From Melbourne to Haifa, to Gaza

On Tuesday night, Students for Palestine called for a mass rally against the Israeli commando raid on the flotilla of aid ships that killed, we think, there may be more, 9 men and wounded many more. I received a call that afternoon asking if I would be willing to speak on behalf of Women in Black, but there was a deeper reason. I would be the only Jewish voice and this is why I said yes, half hoping they would not need me. Daniel was waiting for me on the corner of Elizabeth and Bourke Streets, the closed-to- traffic- main street, where only trams are allowed, bringing their passengers to the two largest department stores of Melbourne, Meyers, and David Jones. Leaning on his arm, I walked past the sight of our monthly vigil, the night sky heavy with clouds towards the already large crowd spilling over into the roadway. I had folded in my pocket a copy of my blog writing prior to this one and a letter I had sent that morning to The Age, Melbourne's largest newspaper. Somehow I knew I would not read from a page if I was to speak. The moment, the pain, the anger was too large for premeditated words. Kim, one of the the organizers, quickly found me and said, yes, I would be speaking and I should stay near the sound truck. Hellen and Sandra, Women in Black friends, joined me and I saw Sivan further back in the crowd and Sol as well from the Australian Jewish Democratic Society. I listened to all those who came before, to the young Palestinian woman just returned from visiting her family on the West Bank, her pain and rage at what she had witnessed filling the night air,to leaders of the Palestinian and Turkish communities in Melbourne to a Green politician to a Maritime Union official to an elderly Imam, and I thought, how can I do this, how can I put my Jewish self with my American voice in this justified mix of rage and hurt. How would I not be the enemy. And then I was the next speaker, and I moved close to the center where I could see the faces all around me and I thought how did I get here, I am 70 years old, recovering from cancer surgery, standing yet again in another street with banners and chants, standing like I stood on broad Washington D.C. avenues;on Park Avenue in New York in front of embassies; in front of swanky East Side hotels hosting Nixon or Reagan or Bush; squeezed into Dag Hammarskjold plaza across from the U.N.; standing in Brown's Chapel in Selma, Alabama getting ready to march to Montgomery, how did I get here in such a far away place in such a time of life--and then I saw the dead men and thousands of Palestinian people whose lives have disappeared, names never printed in our newspapers--just the words, "Four Palestinians shot dead by Israeli Defence forces." I thought of all the Jewish people of conscience I know here, in Israel, in New York, all over the world, who stood beside me. I have never felt so naked, so small as in the moment the microphone was put into my hand. All around me were young Palestinian women and men and in the distance I could see families and older people. I cannot tell you exactly what I said, I know the first words that came out were, "I am just a body.." and "tonight we know the failure of history, that what had happened on that boat and every day at check points and house evictions was not what the Holocaust had taught my Jewish heart." I threw into the night air the Yiddish word shanda, I know I spoke as a Jewish woman, for all the women in the international movement known as women in black, I know I said we have to question the certainties of all nationalisms, I know I spoke of my, our, Jewish solidarity with the suffering of the Palestinians. All the time the faces looking back at me, lips forming the word shanda. And then it was over, for me. As I made my way back to Daniel, the young Palestinian woman who had spoken earlier came over and said she remembered me from another demonstration and it was good to see me again. Several older women wearing head scarves came to me. "Are you the woman who just spoke? Yes. One of the women hugged me and said thank you, it means so much that you took the risk to speak. Our heads rested together for a few seconds, my bare gray curls against the black fabric of her head cover.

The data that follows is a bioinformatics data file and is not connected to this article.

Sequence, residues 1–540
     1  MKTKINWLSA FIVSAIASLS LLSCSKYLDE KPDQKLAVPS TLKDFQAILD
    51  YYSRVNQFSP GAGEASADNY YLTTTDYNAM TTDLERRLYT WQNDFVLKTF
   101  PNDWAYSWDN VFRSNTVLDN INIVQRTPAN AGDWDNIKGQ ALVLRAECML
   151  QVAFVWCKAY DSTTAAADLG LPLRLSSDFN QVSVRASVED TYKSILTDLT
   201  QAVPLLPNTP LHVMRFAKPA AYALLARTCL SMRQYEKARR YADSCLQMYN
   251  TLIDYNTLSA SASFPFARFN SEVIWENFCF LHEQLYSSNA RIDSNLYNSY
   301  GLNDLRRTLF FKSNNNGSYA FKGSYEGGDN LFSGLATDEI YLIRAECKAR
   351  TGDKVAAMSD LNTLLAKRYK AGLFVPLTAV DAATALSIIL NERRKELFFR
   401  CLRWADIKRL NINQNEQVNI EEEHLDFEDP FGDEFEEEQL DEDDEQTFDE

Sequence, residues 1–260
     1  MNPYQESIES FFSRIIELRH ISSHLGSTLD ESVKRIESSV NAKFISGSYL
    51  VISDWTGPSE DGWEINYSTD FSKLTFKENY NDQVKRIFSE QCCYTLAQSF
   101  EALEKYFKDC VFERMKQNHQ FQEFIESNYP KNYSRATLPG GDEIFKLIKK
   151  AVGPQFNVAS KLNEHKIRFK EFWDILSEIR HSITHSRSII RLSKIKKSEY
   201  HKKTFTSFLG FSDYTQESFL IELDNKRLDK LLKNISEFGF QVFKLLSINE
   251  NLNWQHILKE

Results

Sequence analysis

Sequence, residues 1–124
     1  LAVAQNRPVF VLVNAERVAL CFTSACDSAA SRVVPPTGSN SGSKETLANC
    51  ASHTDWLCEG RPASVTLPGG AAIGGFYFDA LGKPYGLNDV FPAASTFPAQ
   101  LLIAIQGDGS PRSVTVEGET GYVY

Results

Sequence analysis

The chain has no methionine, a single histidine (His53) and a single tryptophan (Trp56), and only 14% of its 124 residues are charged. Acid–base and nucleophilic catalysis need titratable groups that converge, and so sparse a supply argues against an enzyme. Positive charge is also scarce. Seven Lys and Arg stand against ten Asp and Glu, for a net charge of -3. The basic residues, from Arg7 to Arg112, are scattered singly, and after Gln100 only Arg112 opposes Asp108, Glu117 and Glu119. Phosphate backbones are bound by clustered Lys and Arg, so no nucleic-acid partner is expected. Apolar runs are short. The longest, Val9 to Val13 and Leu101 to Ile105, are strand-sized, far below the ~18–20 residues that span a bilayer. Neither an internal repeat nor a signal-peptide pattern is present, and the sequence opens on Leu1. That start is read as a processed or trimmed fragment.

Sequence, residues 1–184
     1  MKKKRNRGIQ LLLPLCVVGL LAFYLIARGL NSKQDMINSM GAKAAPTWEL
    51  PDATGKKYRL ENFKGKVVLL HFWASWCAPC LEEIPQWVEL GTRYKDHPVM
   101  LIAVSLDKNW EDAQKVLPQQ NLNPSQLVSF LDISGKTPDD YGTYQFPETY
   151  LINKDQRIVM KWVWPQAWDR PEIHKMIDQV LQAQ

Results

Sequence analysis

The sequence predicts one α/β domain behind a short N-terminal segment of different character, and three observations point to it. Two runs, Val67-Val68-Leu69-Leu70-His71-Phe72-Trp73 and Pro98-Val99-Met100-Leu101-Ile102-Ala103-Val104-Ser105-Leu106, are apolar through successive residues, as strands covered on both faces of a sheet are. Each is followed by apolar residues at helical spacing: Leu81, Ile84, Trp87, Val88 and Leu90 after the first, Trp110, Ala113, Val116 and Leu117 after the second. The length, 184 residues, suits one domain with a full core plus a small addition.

Daniel, my dear young friend, again offered me his arm so I could begin my journey back to West Brunswick. I was the smallest moment in this evening I have described, but for me once again I encountered that huge moment of human generosity--the refusal of easy hatreds.

New Book: "Shifting Sands: Jewish Women Confront the Israeli Occupation," edited by Osie Adelfang, an anthology of women writing about the Middle East, with a preface by Amira Hass and a forward by Cindy Sheehan including writing by Starhawk, Anna Baltzer, Alice Rothchild, Sandra Butler and Holocaust survivor Hedy Epstein. Can be found at